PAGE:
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5 proximity to other vehicles, traffic signals, crossing traffic, highway interchange bottlenecks cause over a million and geometric constrictions such as narrow lanes, curves, and truck-hours of delay per year, costing $19 billion overall. ramps. All of these road situations increase risk. Most of these Delays and idling trucks at bottlenecks and chokepoints especially elevate the risk of crashes with other vehicles, which exacerbate negative air quality impacts on the surround- constitute about 80% of large-truck fatal and injury crashes ing communities. (FMCSA Analysis Division 2010). In contrast, fast travel usually means smooth and efficient flow. It follows that Unlocking Freight did not address safety concerns related to efforts to make commercial vehicle travel more efficient by freight congestion. The speed paradox described previously, avoiding potential delays are also likely to make that travel along with other evidence to be presented in this report, tes- safer. This is a major theme of this report. tify to the adverse safety impacts of traffic congestion and other sources of travel inefficiency. National Significance and Future Trends PROJECT OBJECTIVES, METHODS, AND SCOPE This synthesis report focuses on carrier practices and the impacts of these practices measured from within carriers. This report on Safety Effects of Carrier Efficiencies synthe- Worth noting, however, is the aggregate national impact of sizes current information on carrier operational efficiencies, carrier transport efficiencies. AASHTO (2010) recently pub- which may also provide safety benefits by decreasing expo- lished a report on freight mobility concerns in the present and, sure to risk. It provides information that may assist motor especially, for the future. The following excerpt from this carriers in deploying their trucks and buses in ways that min- Unlocking Freight report highlights the current and future imize crash risk. The project has involved the following national significance of CMV transport efficiency: information-gathering activities: By 2020, the U.S. trucking industry will move three bil- Research evidence and product review: lion more tons of freight than we haul today. To meet Research literature and trade press; this demand, the industry will put another 1.8 million Crash and naturalistic driving statistics; and trucks on the road. Vendor products and services. In 20 years, for every two trucks now on the road, there Surveys: will be an additional one . . . carrying the expected Carrier safety-manager questionnaire; and Other-expert (e.g., research, government, trade asso- growth in food deliveries, goods, and manufacturing ciation) questionnaire. equipment. Carrier safety-manager interviews (for case studies). In 40 years, overall freight demand will double, from 15 billion tons today to 30 billion tons by 2050. Freight The survey and interview methodologies are described carried by trucks will increase 41 percent . . . The num- in chapters focusing on those efforts. The research literature ber of trucks on the road compared with today will and vendor product review methodology is described here. also double. Searches were done using websites, academic databases, Between 1980 and 2006, traffic on the Interstate Highway books, trade press publications, and articles. The following System increased by 150%, whereas Interstate capacity databases were used to conduct the reviews: increased by only 15%. On average, 10,500 trucks a day travel some segments Transportation Research Information Database (TRID): of the Interstate Highway System. By 2035, this will Offers the largest online bibliographic database of trans- increase to 22,700 trucks for these portions of the portation research, with more than 650,000 records of Interstate, with the most heavily used segments seeing published research. upwards of 50,000 trucks a day. Business Source Premier: Features the full texts of more The amount of traffic experiencing congested condi- than 2,200 journals. Full texts from as early as 1965 are tions at peak hours in the nation's most urban areas on provided, and searchable cited references, from as early the Interstate System [has] doubled from 32 percent to as 1998. over 67 percent. Lexis Nexis: Provides access to a multitude of popu- Major highway bottlenecks at urban Interstate inter- lar articles as well as some scholarly works. There is changes cause tens of thousands of hours of delay each also access to congressional records, court decisions, day, week, and year for truckers, business travelers, and government statistical reports. and commuters. Strings of bottlenecks are emerging EconLit: From the American Economic Association's along regional and transcontinental freight routes, electronic database, covers economic literature, with creating corridors of congestion instead of corridors more than 735,000 records. of commerce. Estimates of the truck hours of delay for the worst These databases were searched using a variety of topic- freight-truck bottlenecks show that each of the top 10 related keywords and phrases, often in combinations to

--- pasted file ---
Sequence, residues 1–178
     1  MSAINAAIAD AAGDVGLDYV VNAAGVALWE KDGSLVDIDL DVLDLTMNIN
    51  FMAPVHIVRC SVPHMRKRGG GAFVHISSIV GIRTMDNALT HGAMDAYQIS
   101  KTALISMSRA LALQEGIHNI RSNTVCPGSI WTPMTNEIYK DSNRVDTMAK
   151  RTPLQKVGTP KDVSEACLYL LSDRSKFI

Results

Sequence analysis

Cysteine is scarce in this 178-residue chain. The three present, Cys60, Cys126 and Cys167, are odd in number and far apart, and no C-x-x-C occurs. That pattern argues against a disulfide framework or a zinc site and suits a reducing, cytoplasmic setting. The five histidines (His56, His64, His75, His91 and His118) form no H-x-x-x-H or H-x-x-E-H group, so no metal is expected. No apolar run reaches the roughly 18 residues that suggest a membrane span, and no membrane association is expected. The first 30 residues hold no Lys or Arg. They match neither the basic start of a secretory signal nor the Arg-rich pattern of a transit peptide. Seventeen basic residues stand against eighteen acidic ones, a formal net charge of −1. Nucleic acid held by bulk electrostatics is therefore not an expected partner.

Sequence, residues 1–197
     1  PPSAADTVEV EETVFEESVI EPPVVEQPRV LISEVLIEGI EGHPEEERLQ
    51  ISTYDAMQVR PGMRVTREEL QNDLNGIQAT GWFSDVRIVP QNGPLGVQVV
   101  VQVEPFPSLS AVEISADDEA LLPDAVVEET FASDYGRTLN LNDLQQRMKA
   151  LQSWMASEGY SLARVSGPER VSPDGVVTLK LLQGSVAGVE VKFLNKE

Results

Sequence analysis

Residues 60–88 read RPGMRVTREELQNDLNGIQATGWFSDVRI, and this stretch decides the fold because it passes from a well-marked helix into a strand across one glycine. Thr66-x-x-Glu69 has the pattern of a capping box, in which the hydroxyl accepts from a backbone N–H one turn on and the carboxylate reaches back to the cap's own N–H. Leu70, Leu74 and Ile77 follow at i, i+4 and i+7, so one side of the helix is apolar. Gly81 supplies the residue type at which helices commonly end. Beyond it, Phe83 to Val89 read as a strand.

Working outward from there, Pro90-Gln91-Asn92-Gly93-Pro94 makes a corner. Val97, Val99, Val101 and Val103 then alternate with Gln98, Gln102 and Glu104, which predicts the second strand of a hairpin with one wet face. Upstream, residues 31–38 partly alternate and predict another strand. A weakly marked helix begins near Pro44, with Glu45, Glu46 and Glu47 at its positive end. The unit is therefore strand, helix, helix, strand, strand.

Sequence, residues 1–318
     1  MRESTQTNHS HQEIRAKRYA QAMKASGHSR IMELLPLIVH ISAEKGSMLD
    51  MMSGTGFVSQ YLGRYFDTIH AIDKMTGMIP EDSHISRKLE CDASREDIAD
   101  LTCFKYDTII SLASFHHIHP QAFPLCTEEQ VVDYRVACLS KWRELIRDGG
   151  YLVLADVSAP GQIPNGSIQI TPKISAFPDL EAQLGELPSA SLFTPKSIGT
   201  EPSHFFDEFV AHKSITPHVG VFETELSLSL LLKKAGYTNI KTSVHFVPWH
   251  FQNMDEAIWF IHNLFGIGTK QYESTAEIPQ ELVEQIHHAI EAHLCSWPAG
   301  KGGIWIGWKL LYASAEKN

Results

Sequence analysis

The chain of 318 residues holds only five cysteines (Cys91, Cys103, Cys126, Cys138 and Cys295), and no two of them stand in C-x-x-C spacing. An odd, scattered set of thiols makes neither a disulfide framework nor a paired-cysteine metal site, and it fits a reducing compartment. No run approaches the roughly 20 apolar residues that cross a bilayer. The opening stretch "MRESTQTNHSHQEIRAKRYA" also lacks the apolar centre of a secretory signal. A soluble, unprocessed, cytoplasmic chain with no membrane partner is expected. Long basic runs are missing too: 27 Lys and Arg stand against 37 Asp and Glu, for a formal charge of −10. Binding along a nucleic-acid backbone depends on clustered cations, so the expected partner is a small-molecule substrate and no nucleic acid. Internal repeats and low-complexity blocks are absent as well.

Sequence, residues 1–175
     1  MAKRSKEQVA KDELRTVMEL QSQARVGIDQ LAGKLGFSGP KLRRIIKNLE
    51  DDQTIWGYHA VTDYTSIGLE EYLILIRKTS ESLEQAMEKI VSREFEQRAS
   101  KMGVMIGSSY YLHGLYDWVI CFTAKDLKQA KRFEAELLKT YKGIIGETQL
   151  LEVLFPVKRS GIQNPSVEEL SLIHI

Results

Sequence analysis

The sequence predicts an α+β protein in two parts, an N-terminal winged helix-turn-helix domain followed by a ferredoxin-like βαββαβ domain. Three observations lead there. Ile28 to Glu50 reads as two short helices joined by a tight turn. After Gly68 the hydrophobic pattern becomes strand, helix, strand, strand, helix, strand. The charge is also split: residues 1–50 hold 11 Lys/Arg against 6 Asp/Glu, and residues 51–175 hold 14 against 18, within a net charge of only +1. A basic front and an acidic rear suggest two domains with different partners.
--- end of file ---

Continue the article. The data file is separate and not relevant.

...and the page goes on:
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6 improve focus. Keywords included: trucking, safety, crash safety benefits or other effects. Chapter two presents evidence risk avoidance, motor transport efficiency, truck routing and product information relating to strategies potentially affect- software, preventive maintenance, traffic, road risk, safety ing efficiency and safety. Chapter three describes the methods strategies, construction, work zones, reversing safety, and and results of the project surveys. Chapter four presents several efficiency benefits. carrier case studies. Chapter five summarizes findings regard- ing current and emerging carrier practices, as well as needs and The remaining chapters of this report present this informa- opportunities for further research. An appendix to the report tion and draw conclusions regarding carrier efficiencies with provides the project survey forms.